State of Wonder

Ann Patchett's latest, a "literary, ethical thriller" set in the Amazon, is the must-read novel of the summer.

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    State of Wonder
    By Ann Patchett
    Harper Collins
    353 pp.

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Here's a quick way to tell if the man you're dating is a keeper: When a colleague dies under mysterious circumstances in the Amazon does he A) go himself to bring the man's body back to his grieving widow, since he's the CEO who sent him to his death, or B) does he suggest you go instead?

And so, pharmaceutical employee Dr. Marina Singh finds herself on a flight to Manaus, Brazil, in Ann Patchett's terrific new novel, State of Wonder, which creates its own classification as a literary, ethical thriller. The middle-aged Singh is not exactly Indiana Jones: She's having screaming nightmares about her dead father, thanks to anti-malarial drugs; her luggage keeps getting lost or repossessed; she doesn't speak Portuguese; and nothing about Minnesota has prepared her for the heat (or the lizards the size of kittens).

Marina's boyfriend/boss, Jim Fox, is less concerned about the unfortunate demise of Dr. Anders Eckman, Marina's coworker, and more worried about all the money his company has sunk into developing a fertility drug that supposed to act like the fountain of youth for women.

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Eckman had been sent down to monitor the program's progress under the formidable Dr. Annick Swensen (who may have gone rogue and at least is no longer returning the company's calls). Dr. Swensen was at one time Marina's mentor – although Marina's residency ended with her vowing never to treat a patient again. Marina is under no illusions that Swensen will be happy to see her – or even remember her failed pupil. (This is way worse than showing up at a 10-year college reunion to find that your favorite teacher, the one who changed your life, has no idea who you are.) Mentors and rebirth are two themes that resonate throughout the novel, and Patchett also includes echoes of Dickens, Henry James, and “Orpheus and Eurydice.”

Marina is skeptical about the miracle drug and the hidden Amazon tribe where grandmothers are said to routinely give birth. (“I don't care how primitive these women are, if they understood what they were doing that was causing them to remain fertile unto death they'd stop doing it,” she tells Fox.) She's going, she tells herself, because Eckman's widow, Karen, begged her to. Karen can't believe her husband is really dead based on Swensen's tersely worded note and can't in good conscience leave her three boys.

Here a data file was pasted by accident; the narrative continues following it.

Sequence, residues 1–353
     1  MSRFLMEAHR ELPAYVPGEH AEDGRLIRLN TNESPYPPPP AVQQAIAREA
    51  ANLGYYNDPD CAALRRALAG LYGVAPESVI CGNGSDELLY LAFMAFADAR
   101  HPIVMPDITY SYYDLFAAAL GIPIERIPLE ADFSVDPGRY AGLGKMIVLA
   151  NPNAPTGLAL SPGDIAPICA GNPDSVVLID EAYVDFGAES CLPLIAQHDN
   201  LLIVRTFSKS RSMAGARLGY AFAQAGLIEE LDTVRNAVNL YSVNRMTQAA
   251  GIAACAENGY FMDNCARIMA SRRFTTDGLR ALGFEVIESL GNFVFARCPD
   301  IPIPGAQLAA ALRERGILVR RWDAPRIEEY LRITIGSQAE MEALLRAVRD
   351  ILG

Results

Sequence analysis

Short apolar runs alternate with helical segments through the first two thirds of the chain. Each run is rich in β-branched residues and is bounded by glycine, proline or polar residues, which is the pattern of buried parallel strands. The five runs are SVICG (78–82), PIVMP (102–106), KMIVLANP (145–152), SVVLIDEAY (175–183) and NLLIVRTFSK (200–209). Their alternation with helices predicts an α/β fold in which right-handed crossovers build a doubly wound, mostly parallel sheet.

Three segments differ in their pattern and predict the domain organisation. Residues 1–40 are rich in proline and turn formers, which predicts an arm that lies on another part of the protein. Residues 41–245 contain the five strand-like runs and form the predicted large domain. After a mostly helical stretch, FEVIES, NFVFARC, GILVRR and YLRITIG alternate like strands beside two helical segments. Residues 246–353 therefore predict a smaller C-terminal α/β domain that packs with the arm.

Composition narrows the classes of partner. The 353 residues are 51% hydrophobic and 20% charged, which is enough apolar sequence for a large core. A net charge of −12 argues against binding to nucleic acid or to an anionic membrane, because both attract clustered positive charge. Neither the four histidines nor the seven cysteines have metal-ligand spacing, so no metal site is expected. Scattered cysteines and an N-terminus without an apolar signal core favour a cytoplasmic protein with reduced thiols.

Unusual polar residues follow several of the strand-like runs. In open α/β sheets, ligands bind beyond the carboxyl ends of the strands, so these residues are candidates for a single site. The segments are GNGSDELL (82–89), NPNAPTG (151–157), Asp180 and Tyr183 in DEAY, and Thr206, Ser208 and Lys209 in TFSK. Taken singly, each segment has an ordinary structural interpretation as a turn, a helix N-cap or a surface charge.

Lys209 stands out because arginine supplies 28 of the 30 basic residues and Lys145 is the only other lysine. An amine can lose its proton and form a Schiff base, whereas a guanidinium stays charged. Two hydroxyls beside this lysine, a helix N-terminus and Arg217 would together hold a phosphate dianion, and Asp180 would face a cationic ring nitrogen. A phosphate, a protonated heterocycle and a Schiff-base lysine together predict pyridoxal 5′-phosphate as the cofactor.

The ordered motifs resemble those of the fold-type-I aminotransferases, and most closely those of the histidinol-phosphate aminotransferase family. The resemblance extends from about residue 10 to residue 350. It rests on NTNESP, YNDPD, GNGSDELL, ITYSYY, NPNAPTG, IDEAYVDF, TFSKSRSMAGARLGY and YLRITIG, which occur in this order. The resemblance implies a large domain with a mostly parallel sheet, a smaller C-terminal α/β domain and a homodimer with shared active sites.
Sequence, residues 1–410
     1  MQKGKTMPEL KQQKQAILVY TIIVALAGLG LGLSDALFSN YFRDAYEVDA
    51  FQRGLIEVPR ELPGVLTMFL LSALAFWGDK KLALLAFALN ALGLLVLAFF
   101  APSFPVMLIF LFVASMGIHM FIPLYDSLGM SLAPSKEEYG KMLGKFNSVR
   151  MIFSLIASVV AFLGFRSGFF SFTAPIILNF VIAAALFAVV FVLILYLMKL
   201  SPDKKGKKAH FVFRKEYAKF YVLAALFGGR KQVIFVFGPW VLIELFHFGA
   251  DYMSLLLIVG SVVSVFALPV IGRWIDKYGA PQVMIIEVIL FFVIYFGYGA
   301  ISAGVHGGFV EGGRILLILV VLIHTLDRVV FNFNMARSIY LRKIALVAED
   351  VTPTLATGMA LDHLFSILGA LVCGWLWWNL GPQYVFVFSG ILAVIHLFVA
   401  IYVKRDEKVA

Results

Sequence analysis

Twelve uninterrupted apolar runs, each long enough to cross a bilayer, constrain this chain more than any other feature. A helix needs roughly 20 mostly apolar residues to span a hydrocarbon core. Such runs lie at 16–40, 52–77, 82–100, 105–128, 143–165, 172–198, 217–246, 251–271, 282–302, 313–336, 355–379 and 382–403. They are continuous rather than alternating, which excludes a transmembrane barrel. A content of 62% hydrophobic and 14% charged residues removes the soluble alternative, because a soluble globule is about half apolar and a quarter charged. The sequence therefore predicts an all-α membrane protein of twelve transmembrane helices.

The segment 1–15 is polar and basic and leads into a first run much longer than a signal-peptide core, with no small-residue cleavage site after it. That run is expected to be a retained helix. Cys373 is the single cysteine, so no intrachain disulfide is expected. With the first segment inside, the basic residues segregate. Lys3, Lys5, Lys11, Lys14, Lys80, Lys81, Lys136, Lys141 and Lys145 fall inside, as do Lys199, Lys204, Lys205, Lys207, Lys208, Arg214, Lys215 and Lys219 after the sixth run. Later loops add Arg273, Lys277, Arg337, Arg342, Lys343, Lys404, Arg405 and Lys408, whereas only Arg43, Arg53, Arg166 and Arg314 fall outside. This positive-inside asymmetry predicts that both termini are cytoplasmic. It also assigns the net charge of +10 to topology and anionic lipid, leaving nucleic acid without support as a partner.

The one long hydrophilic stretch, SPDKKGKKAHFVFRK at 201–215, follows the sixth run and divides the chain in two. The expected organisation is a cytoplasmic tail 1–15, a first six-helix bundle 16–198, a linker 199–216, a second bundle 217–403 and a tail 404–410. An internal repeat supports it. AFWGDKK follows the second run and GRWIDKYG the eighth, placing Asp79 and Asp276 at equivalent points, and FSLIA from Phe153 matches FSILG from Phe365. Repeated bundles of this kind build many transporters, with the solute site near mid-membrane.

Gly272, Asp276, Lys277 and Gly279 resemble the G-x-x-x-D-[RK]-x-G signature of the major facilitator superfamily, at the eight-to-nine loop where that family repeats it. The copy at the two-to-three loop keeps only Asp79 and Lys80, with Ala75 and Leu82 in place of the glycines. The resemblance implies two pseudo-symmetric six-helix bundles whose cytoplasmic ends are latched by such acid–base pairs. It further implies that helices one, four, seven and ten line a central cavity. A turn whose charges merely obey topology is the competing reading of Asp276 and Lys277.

Anytime you have a hero heading up a river into a jungle in search of a reclusive figure, “Heart of Darkness” is immediately going to spring to mind. (Also, when the brilliant recluse is hiding out in South America, “The Mosquito Coast.”)

But when she finally finds her, the 73-year-old Swensen doesn't exactly look like a Kurtz. “The woman who had fixed the course of Marina's life looked for all the world like somebody's Swedish grandmother on a chartered tour of the Amazon.”

Not only doesn't Swensen suffer fools, she has no time for people of above-average intelligence either. She is, however, given to dry pronouncements, such as: “It is said the sesta is one of the only gifts the Europeans brought to South America, but I imagine the Brazilians could have figured out how to sleep in the afternoon without having to endure centuries of murder and enslavement,” and “I prefer to sit on a box. A box doesn't protect one from the roaches, but I like to think it sends a message: We are on another level.”

The iconoclastic Swensen operates strictly by her own moral code and, as Marina doggedly ignores Swensen's insults and follows her to her secret lab in the rain forest, that code becomes more and more complicated. Is Swensen protecting the tribe from the pharmaceutical company, or exploiting both for her own ends?

“State of Wonder” is easily Patchett's best novel since Latin American terrorists took over the Japanese embassy in “Bel Canto.” It may even be better, but I'm not entirely rational on the subject of “Bel Canto.” The South American climate, however, clearly agrees with Patchett's prose.

For “Bel Canto” fans, it won't hurt that the former rubber capital of Manaus (which at one time was so fantastically rich that rubber barons would send their laundry to Portugal to be cleaned) boasts a legendary opera house, at which Patchett sets a pivotal scene. “Marina thought of it as the line of civilization that held the jungle back. Surely without the opera house the vines would have crept up over the city and swallowed it whole.”

But “State of Wonder” isn't all highbrow culture and experimental science. Patchett has included everything from cannibals to giant snakes, and in the process, created the literary must-read of the summer.

Yvonne Zipp regularly reviews fiction for the Monitor.

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